The Upside of Default

When the sub-prime loan crisis triggered a global financial meltdown, two issues became very clear.


The first was that America had a serious structural corruption problem with co-mingled interests among the financial sector, regulators and politicians.  The US had tilted its economy towards Wall Street and had undermined Main Street in the process.

The other issue was that America had become a nation whose growth flowed from over-consumption and the piling up of debt.  China, on the reverse side and quickly becoming a consequential economic heavyweight, was underconsuming and piling up cash reserves. 

'Global economic rebalancing' became the term of the times -- and Treasury Secretary Tim Geithner and others began talking in earnest about the importance to the global economy of China growing more through its own domestic consumption rather than through exports -- and of the US cutting debt and saving and investing more.

But addiction to consumption is hard to stop.  One way to quickly adjust consumption patterns in the US and to force a different behavior is to default on America's sovereign debt. 

There are huge and nasty consequences that lie ahead if the government does default.  Former National Economic Advisor to President Clinton, Laura Tyson, has estimated that just a 50 basis point rise in basic interest rates will result in about 600,000 Americans losing their jobs.  Some economists, on the far end of the scale, have said that default could trigger a 200 basis point rise in rates.

The key point is that a default will drive up rates and end America's role as a safe bedrock for the most conservative investments.  The US dollar will continue as the reserve currency, but other nations will build bigger hedges against the dollar.  The 'gravity switch' will be turned on -- and the financial sector will have less of a tilt in its benefit vs. the other real parts of the economy.

If default occurs, Americans will have to work harder to overcome the new hurdle put in front of them; they will have to invest more in the economy, will have to save more and grow the economy through a savings and investment strategy that we haven't seen in a long time.  The financial sector will be hit very hard, but America's export-oriented economy will get a boost as a cheaper dollar will put a tail wind behind the rest of the world buying less expensive American products.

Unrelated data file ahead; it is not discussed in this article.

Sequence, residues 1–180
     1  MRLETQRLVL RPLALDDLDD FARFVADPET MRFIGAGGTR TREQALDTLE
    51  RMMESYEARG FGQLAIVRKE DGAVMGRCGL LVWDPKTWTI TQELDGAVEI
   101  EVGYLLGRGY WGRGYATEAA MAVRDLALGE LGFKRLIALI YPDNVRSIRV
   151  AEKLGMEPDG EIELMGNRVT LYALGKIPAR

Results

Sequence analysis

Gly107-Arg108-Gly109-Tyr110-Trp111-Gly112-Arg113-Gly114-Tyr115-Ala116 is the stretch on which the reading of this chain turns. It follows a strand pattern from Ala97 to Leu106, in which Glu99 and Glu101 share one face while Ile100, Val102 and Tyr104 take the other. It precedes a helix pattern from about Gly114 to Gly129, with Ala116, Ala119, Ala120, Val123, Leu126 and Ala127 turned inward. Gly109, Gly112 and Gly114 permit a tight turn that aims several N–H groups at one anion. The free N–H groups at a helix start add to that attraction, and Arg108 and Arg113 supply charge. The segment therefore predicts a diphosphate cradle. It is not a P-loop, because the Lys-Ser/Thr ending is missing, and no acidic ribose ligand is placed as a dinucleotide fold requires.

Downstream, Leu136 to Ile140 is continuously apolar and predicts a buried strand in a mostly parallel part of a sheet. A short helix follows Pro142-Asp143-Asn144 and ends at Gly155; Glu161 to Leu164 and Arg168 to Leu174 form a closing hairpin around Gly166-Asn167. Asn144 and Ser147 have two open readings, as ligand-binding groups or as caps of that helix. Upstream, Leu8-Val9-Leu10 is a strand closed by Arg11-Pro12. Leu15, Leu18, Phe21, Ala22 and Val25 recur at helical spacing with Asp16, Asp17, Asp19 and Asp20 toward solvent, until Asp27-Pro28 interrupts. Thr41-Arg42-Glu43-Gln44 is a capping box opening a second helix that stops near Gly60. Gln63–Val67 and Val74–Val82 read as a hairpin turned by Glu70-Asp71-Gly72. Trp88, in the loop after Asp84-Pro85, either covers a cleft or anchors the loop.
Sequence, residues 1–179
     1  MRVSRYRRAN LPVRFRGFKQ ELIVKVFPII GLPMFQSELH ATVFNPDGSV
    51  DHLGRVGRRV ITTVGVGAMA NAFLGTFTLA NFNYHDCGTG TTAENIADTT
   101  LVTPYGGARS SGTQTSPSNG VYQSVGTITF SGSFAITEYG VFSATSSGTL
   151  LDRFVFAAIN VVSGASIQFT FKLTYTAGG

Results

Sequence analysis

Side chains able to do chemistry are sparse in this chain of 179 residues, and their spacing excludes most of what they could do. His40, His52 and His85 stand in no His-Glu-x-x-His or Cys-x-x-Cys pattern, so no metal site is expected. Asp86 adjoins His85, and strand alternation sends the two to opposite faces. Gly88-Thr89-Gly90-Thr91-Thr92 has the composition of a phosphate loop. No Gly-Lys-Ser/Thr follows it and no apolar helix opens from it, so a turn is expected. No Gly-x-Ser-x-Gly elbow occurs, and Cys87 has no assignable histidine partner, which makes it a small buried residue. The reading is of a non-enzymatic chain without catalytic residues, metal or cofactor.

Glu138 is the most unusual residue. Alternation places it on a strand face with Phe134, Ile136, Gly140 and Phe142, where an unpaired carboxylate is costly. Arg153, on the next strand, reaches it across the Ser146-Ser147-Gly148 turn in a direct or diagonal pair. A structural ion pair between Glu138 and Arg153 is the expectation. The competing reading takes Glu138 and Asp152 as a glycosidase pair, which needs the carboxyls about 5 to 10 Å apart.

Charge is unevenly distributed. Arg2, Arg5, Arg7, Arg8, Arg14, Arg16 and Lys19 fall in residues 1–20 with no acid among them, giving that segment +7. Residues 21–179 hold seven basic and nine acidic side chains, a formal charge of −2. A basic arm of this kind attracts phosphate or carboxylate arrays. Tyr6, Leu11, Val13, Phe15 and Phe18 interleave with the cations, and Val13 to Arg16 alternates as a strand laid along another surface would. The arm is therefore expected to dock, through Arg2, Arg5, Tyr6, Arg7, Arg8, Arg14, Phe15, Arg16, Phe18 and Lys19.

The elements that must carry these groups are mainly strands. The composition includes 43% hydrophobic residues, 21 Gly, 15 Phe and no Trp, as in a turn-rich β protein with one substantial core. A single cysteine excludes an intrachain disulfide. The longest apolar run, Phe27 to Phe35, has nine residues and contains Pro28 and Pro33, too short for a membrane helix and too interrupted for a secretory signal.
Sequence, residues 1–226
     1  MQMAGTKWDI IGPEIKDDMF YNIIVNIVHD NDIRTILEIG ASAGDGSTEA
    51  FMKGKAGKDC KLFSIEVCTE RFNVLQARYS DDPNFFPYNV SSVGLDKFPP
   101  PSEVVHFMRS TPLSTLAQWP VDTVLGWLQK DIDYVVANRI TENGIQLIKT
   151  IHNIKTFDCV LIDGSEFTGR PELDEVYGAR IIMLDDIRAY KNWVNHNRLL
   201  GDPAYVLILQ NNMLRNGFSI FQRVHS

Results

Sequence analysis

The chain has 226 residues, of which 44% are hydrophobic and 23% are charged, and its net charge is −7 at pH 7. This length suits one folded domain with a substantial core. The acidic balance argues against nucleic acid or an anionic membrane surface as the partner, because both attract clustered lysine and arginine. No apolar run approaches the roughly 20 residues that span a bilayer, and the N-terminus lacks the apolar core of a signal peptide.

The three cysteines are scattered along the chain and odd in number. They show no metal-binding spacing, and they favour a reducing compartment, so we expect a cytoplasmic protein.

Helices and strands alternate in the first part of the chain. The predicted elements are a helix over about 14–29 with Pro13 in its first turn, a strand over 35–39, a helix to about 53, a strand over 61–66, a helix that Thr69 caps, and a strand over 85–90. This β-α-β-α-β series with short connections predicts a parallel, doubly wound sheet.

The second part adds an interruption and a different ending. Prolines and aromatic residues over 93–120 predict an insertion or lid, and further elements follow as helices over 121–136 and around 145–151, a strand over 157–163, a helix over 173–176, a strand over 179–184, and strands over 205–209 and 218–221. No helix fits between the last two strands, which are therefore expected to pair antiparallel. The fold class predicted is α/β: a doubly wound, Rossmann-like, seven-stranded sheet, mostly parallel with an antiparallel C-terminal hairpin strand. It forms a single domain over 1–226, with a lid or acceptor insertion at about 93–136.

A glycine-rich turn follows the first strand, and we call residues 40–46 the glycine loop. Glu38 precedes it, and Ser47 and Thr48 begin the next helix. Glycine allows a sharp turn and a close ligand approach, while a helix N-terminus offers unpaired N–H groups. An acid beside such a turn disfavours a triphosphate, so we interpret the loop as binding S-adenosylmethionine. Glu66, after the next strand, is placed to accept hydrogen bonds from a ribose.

I'm not endorsing a default.  I think it would be a terrible blow to American interests.  But there are some potential upsides if we do go into default that should be considered. 

As part of the sub-prime debacle, the US managed to export toxic financial products to the rest of the world -- and failed to protect the interests of its citizens as the financial sector blew up.  That was the point at which the rating agencies should have been moving to cut America's gold-plated investment rating. 

What we are seeing unfold in the debt ceiling crisis and the irresponsible actions of many  legislators is simply the second act of a play on America's decline that began some time ago.  The upside of America shredding its international reputation and responsibilities is that it ultimately will be forced to finally get its own domestic economic house in order.

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Steve Clemons is Washington editor at large for The Atlantic and editor of Atlantic Live. He writes frequently about politics and foreign affairs. More

Clemons is a senior fellow and the founder of the American Strategy Program at the New America Foundation, a centrist think tank in Washington, D.C., where he previously served as executive vice president. He writes and speaks frequently about the D.C. political scene, foreign policy, and national security issues, as well as domestic and global economic-policy challenges.

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